transactions in jsp

I have a jsp page which contains a number of sql statements say 2 inserts,
1 delete and 1 update. They are a part of one transaction. So I want either none is executed or all of them r executed. How do I make sure that this happens. Do i need to do something in the jsp code to ensure or will my database(mysql) handle this.
pz suggest
will_789Asked:
Who is Participating?
 
TimYatesCommented:
<%
   connection.setAutoCommit( false ) ;
   try
   {
     // do an update

     // do an insert
 
     // do a delete

     connection.commit() ;
   }
   catch( Exception ex )
   {
      ex.printStackTrace() ;
      connection.rollback() ;
   }
%>

Assuming your database allows commit and rollback :-)
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JNicCommented:
You should use InnoDB tables which is supported by mySQL from version 3.23.34a.

Read more about them here: http://www.mysql.com/doc/en/InnoDB.html

Then you will be able to do things like the following:

// assuming you have a connection
 connection.setAutoCommit(false);
 connection.setTransactionIsolation(4);
 statement = connection.createStatement();
  for (int i=0; i<10; i++){
      String update="Insert into numbers (number) values (i)";
      statement.executeUpdate(update);
   }
   boolean doIt=false;
   // Then do some testing to see if you want the changes or not.
  if (doIt){
      statement.commit(); // this executes all the updates
  }
  else{
     statement.rollback(); // this eleminates all the updates
  }
}

If my memory serves me right, a SQLException will do a rollback automatically. - Other Exceptions will not.

Hope it helped!

Regards,

Nic


 

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JNicCommented:
Oh - I'm too slow ;-)
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TimYatesCommented:
Hehehe ;-)

Not sure if he's using MySQL either...

Databases like Postgres or Oracle can rollback anyway (no special table type needed)

And you have to watch out if you are using something like MS Access, as turning auto-commit off will have a HUGE performance hit

(as it will lock an entire db page till you commit or rollback, not a single row as with the others)

Tim.
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JNicCommented:
Quote from TimYates: Not sure if he's using MySQL either...
Quote from question: "my database(mysql)"

MUAHAHAHAHAHAHAHAAAAA!!!!
;-)
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TimYatesCommented:
Whoops! >_<

hehehehehehehe ;-)
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will_789Author Commented:
Could u plz tell me what's the purpose of

connection.setTransactionIsolation(4);
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TimYatesCommented:
I think the 4 is:

Connection.TRANSACTION_SERIALIZABLE

Which means:

--------

A constant indicating that dirty reads, non-repeatable reads and phantom reads are prevented. This level includes the prohibitions in TRANSACTION_REPEATABLE_READ and further prohibits the situation where one transaction reads all rows that satisfy a WHERE condition, a second transaction inserts a row that satisfies that WHERE condition, and the first transaction rereads for the same condition, retrieving the additional "phantom" row in the second read.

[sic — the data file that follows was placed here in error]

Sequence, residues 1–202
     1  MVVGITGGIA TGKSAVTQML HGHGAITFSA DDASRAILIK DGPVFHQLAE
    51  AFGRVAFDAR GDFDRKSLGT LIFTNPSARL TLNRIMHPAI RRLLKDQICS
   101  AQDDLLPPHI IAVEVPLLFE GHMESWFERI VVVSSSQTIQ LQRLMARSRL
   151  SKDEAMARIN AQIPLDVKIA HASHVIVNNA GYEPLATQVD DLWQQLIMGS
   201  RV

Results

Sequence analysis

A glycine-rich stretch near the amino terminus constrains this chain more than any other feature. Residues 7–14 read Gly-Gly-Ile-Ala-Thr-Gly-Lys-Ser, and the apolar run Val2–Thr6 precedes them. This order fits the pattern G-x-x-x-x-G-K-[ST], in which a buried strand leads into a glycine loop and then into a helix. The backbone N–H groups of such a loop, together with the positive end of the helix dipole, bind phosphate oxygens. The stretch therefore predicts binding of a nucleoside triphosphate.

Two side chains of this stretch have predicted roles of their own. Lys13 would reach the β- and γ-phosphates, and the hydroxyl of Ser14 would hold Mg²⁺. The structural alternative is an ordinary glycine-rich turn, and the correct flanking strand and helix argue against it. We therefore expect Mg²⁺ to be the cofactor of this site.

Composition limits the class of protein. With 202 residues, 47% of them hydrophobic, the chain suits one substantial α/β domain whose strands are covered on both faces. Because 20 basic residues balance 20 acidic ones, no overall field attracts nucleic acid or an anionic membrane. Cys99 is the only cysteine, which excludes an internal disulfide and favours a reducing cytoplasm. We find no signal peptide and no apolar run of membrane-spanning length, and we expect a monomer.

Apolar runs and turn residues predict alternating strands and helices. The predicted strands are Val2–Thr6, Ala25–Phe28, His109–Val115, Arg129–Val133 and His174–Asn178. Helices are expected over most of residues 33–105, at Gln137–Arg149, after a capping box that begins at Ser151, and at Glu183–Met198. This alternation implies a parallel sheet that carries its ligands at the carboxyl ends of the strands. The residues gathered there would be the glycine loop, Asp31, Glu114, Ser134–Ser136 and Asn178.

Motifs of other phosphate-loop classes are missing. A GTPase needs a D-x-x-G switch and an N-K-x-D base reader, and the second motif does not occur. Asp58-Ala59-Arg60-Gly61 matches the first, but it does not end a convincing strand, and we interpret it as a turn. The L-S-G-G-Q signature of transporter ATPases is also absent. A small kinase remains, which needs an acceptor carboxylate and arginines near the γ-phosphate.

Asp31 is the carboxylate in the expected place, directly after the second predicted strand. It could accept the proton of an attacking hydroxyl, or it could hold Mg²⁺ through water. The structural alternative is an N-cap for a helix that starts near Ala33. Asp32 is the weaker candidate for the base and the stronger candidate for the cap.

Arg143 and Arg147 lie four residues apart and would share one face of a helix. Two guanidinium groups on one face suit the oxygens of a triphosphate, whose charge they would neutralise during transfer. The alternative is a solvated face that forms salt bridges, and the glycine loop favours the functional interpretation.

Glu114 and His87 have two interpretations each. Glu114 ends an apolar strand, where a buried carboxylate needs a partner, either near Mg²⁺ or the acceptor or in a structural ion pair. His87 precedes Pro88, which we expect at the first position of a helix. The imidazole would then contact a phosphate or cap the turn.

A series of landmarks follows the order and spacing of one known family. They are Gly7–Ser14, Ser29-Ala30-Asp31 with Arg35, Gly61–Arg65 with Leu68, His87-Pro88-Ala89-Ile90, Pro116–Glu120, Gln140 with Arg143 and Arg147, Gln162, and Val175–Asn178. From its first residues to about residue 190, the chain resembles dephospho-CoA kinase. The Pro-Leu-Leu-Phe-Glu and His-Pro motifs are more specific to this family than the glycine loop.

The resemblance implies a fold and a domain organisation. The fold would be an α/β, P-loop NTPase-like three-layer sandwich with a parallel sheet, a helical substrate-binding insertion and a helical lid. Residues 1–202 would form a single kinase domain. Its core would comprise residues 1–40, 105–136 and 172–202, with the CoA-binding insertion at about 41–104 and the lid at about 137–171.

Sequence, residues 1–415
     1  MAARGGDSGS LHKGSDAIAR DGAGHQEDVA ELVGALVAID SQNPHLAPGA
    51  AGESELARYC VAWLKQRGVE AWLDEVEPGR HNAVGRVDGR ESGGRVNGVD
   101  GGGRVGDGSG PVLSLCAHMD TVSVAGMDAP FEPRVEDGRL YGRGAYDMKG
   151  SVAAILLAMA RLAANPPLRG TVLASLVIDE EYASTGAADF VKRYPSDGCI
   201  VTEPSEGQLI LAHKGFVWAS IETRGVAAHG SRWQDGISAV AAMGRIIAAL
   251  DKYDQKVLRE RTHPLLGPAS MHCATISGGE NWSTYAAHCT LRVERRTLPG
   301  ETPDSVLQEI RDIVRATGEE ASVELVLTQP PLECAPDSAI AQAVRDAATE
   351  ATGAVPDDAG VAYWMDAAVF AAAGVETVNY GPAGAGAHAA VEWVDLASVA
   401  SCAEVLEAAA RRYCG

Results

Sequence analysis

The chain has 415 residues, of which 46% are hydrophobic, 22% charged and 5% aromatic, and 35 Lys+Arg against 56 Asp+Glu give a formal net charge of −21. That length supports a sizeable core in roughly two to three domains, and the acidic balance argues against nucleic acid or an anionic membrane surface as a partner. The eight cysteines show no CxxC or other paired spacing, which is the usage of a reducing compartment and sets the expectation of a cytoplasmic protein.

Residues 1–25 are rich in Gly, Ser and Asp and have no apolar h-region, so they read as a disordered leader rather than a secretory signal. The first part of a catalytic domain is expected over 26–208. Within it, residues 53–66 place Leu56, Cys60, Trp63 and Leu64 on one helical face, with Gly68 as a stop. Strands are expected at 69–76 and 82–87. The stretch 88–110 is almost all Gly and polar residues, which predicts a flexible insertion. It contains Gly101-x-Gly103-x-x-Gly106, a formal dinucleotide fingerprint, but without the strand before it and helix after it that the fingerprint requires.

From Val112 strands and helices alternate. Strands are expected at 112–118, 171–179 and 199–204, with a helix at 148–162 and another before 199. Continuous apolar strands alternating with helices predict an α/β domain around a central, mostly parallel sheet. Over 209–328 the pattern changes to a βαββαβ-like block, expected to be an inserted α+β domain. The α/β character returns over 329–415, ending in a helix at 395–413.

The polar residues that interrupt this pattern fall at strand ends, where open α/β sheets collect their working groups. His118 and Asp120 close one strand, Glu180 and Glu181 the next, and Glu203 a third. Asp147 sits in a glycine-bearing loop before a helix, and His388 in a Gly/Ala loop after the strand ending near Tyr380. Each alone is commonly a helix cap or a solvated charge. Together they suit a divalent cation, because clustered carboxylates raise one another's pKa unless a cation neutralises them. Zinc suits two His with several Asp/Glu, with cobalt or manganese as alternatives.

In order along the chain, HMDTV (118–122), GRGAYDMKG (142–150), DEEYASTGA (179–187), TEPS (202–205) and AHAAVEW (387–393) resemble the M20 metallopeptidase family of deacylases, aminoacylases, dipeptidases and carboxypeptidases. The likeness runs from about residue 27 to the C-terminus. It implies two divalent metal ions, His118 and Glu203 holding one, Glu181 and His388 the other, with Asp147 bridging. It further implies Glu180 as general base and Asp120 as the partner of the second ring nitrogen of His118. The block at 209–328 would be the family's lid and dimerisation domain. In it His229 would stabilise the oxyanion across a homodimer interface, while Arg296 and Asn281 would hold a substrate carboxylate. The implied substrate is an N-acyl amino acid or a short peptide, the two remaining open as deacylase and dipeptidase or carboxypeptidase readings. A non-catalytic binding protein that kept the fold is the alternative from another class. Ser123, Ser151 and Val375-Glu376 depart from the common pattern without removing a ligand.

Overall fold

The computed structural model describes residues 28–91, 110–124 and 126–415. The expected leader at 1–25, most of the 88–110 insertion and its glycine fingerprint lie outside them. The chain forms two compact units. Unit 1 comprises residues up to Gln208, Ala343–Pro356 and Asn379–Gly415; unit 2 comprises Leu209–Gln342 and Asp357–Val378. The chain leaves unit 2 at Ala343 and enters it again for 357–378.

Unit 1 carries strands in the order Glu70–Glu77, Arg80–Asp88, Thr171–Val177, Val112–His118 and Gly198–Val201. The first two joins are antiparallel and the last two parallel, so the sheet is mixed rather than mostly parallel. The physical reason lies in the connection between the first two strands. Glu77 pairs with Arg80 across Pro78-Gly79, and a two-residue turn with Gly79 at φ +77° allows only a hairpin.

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TimYatesCommented:
Whoops!

Connection.TRANSACTION_REPEATABLE_READ == 4 ;

A constant indicating that dirty reads and non-repeatable reads are prevented; phantom reads can occur. This level prohibits a transaction from reading a row with uncommitted changes in it, and it also prohibits the situation where one transaction reads a row, a second transaction alters the row, and the first transaction rereads the row, getting different values the second time (a "non-repeatable read").
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TimYatesCommented:
it means that other people reading the database will not see different data until the transaction has been committed
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JNicCommented:
Oops I actually did not mean to write that line:

connection.setTransactionIsolation(4);

like that.

This method has four different settings:

connection.setTransactionIsolation(Connection.TRANSACTION_READ_UNCOMMITTED);
connection.setTransactionIsolation(Connection.TRANSACTION_READ_COMMITTED);
connection.setTransactionIsolation(Connection.TRANSACTION_REPEATABLE_READ);
connection.setTransactionIsolation(Connection.TRANSACTION_SERIALIZABLE);

Read more about what the settings mean here:

http://java.sun.com/j2se/1.4.2/docs/api/java/sql/Connection.html

Look under FIELD DETAIL
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will_789Author Commented:
thanks a lot
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TimYatesCommented:

TRANSACTION_READ_COMMITTED

or

TRANSACTION_REPEATABLE_READ

Are usually the best ones to use...  It's a matter of personal choice, and whether you want repeatable reads...
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